washingtonpost.com
Boy, 4, Is Found Alongside Beltway
Car Bumped Child as Mother Drove Off, Police Say

By Nikita Stewart
Washington Post Staff Writer
Thursday, July 28, 2005

A Newport News woman, who police said abandoned her 4-year-old son on the shoulder of the Capital Beltway and then bumped him with her car as she drove off Tuesday night, was charged with felony child neglect and hit and run, Virginia State Police said.

Channoah Alece Green, 22, was arrested later that night about 90 miles away after she was involved in a two-car crash on Interstate 95 in Hanover County just north of Richmond, said Corinne Geller, a state police spokeswoman.

Green, who was charged with reckless driving in that incident, is scheduled to appear in Fairfax County court today on the charges involving her son, Geller said.

"He was trying to get back in the vehicle when she struck him, and then she drove off," Geller said.

Police are still investigating, but Sgt. C.F. Kincaid said the child explained that his mother was "upset with him."

"He wasn't sitting down [in the car] like he was supposed to," he said.

Kincaid said the boy, who was abandoned near Lee Highway in Fairfax County, appeared in "very good spirits" when he arrived at Inova Fairfax Hospital, where he was treated for bruises and cuts to his face that appeared to be scrapes from the gravel shoulder.

The preschooler was placed with Fairfax County Child Protective Services, police said. Geller said police were withholding his name, citing an ongoing investigation.

The county Department of Family Services cannot comment on specific incidents, but in such cases, a child is generally placed with an emergency foster family until next of kin is found, said Catherine Wetherby, a department spokeswoman.

The incident is the latest of several involving mothers allegedly mistreating their children in cars.

In Green's case, a driver on the Beltway called police about 10:10 p.m. Tuesday and said she had found the 4-year-old boy wandering on the side of the interstate near the Lee Highway overpass.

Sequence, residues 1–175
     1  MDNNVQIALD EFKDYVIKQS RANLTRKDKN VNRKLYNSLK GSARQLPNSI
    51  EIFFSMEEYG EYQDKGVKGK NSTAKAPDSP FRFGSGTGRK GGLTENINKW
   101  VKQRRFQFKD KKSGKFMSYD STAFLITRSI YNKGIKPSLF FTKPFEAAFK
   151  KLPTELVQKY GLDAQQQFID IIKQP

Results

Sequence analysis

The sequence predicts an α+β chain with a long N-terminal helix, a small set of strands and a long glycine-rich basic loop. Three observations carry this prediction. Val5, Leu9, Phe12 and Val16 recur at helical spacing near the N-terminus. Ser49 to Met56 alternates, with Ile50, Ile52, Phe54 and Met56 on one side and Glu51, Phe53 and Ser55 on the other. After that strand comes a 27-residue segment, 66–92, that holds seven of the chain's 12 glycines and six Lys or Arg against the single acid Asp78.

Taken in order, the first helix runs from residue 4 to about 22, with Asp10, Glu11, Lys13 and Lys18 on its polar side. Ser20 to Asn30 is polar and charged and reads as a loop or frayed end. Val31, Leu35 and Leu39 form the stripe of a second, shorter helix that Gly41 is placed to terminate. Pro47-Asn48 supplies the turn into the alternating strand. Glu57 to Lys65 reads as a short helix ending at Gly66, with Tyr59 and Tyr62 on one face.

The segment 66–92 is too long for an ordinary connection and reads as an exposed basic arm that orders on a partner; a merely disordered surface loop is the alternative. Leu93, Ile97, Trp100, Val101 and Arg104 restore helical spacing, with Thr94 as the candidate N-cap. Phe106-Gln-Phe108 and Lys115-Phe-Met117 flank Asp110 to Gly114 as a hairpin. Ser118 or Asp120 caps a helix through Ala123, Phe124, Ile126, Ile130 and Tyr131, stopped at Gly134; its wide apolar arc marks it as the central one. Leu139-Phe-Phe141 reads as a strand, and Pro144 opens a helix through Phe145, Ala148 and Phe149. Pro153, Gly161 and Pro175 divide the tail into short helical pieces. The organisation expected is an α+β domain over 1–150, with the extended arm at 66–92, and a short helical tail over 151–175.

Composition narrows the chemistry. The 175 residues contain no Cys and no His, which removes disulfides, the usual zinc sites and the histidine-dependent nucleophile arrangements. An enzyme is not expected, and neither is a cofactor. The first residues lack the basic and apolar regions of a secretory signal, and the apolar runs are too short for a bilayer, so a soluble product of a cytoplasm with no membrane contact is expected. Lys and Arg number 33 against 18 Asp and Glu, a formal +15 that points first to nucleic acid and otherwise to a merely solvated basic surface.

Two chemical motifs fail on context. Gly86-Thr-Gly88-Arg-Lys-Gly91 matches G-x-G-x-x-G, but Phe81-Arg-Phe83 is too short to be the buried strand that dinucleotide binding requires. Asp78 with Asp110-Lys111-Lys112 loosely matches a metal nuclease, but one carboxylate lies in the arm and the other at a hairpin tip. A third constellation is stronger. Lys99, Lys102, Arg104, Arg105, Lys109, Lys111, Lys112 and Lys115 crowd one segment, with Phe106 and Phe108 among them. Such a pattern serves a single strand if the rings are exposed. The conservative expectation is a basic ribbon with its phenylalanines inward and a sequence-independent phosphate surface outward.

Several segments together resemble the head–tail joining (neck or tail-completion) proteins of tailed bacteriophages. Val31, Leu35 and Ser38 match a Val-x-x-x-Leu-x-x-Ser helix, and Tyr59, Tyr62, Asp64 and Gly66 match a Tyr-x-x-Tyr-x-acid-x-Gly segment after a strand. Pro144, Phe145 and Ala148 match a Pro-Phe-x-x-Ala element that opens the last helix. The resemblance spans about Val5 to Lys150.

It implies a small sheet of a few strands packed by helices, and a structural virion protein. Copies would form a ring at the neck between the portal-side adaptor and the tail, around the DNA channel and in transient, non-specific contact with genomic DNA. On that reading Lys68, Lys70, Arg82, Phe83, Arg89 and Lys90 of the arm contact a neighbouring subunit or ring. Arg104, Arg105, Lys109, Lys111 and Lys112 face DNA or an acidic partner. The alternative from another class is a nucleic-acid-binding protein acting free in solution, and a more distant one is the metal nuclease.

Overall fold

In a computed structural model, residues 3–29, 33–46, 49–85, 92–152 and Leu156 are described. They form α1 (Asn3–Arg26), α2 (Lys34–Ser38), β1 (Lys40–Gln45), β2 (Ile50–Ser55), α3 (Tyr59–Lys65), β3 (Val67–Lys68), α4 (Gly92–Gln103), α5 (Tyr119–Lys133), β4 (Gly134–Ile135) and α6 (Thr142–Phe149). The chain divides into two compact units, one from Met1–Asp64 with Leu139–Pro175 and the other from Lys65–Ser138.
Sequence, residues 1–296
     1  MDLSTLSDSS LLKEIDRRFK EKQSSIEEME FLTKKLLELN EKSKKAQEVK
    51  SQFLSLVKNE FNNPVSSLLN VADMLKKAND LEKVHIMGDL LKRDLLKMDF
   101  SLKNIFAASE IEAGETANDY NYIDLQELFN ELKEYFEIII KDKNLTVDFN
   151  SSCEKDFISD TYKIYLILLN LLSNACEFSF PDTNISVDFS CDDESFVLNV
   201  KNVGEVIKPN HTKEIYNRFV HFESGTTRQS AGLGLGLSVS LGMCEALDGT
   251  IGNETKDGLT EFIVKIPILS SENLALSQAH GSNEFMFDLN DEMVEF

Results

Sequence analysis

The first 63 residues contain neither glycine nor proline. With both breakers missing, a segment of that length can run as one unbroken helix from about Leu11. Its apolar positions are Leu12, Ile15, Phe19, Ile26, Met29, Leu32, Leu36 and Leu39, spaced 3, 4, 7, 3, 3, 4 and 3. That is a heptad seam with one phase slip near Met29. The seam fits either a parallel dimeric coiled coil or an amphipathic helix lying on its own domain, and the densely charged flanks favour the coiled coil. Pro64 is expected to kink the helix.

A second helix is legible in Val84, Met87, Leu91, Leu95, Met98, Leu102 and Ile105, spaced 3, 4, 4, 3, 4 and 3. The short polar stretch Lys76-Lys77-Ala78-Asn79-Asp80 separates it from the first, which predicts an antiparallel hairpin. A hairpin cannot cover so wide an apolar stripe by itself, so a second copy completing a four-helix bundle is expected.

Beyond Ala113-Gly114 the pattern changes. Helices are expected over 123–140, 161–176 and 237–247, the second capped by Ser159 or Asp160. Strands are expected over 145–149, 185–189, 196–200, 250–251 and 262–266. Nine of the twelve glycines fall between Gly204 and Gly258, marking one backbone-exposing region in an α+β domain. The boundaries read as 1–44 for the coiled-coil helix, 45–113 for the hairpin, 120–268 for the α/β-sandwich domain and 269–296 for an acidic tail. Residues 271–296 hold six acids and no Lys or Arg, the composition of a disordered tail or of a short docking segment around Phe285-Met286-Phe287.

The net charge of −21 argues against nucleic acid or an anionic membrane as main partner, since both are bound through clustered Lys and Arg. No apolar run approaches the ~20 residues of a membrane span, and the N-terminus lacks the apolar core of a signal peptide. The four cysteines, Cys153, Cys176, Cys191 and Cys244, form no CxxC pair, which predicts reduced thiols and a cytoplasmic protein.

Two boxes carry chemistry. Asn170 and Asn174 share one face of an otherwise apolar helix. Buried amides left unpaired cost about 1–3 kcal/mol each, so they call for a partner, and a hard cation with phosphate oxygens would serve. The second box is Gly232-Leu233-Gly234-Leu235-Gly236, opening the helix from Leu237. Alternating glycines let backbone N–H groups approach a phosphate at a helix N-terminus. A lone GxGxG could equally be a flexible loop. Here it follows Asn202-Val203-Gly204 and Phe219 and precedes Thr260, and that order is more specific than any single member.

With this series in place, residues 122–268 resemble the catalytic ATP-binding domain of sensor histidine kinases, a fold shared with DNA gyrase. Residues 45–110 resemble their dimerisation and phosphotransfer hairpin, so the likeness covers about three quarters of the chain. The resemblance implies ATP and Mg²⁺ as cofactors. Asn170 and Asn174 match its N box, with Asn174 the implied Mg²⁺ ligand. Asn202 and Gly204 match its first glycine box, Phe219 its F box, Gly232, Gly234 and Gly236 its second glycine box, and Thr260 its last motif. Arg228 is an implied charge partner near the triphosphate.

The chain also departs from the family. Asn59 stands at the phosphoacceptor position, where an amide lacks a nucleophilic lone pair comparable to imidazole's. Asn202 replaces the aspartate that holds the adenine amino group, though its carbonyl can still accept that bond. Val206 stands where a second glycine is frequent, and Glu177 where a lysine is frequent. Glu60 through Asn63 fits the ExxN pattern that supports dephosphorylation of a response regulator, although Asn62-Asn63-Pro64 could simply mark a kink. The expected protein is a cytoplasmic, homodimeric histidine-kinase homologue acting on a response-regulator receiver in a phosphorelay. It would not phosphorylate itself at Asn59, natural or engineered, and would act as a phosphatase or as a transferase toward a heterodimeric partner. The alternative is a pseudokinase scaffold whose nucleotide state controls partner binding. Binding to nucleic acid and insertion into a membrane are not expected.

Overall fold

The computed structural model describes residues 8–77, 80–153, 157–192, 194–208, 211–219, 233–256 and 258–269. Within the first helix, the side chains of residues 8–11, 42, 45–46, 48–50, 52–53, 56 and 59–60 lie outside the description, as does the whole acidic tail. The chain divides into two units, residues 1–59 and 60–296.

At the hospital, Kincaid, a state police officer for six years who once worked at a youth shelter, took the boy for walks around the emergency room. "He said he wanted to go for a walk. I took him for a walk," Kincaid said, adding, "Everybody at the hospital was making a big fuss over him."

A nurse gave the tyke ice cream, and a state trooper bought him toy action figures from the nearest drugstore, Kincaid said. "The trooper promised to get him a Power Ranger. The best he could do was Donald and Goofy. They had on parachutes. The little boy liked them very much," he said.

The child was very polite, Kincaid said.

Carolyn Walker, 57, a neighbor of Green's, also described the child as polite and talkative. "He is so sweet. He always comes right up to me. He's a bright child," she said.

Walker said she knew Green and her son only as passersby on the sidewalk in the same apartment complex, but their brief meetings were always pleasant. "She seems to have a wonderful family. She's very nice," Walker said.

Green could not be reached. The Hanover jail would not take messages, and her voice mail at a home number was full. The greeting on the voice mail was made by Green and her son, opening with the boy saying, "Praise the Lord," and ending with mother and son urging callers to "have a blessed day."

© 2005 The Washington Post Company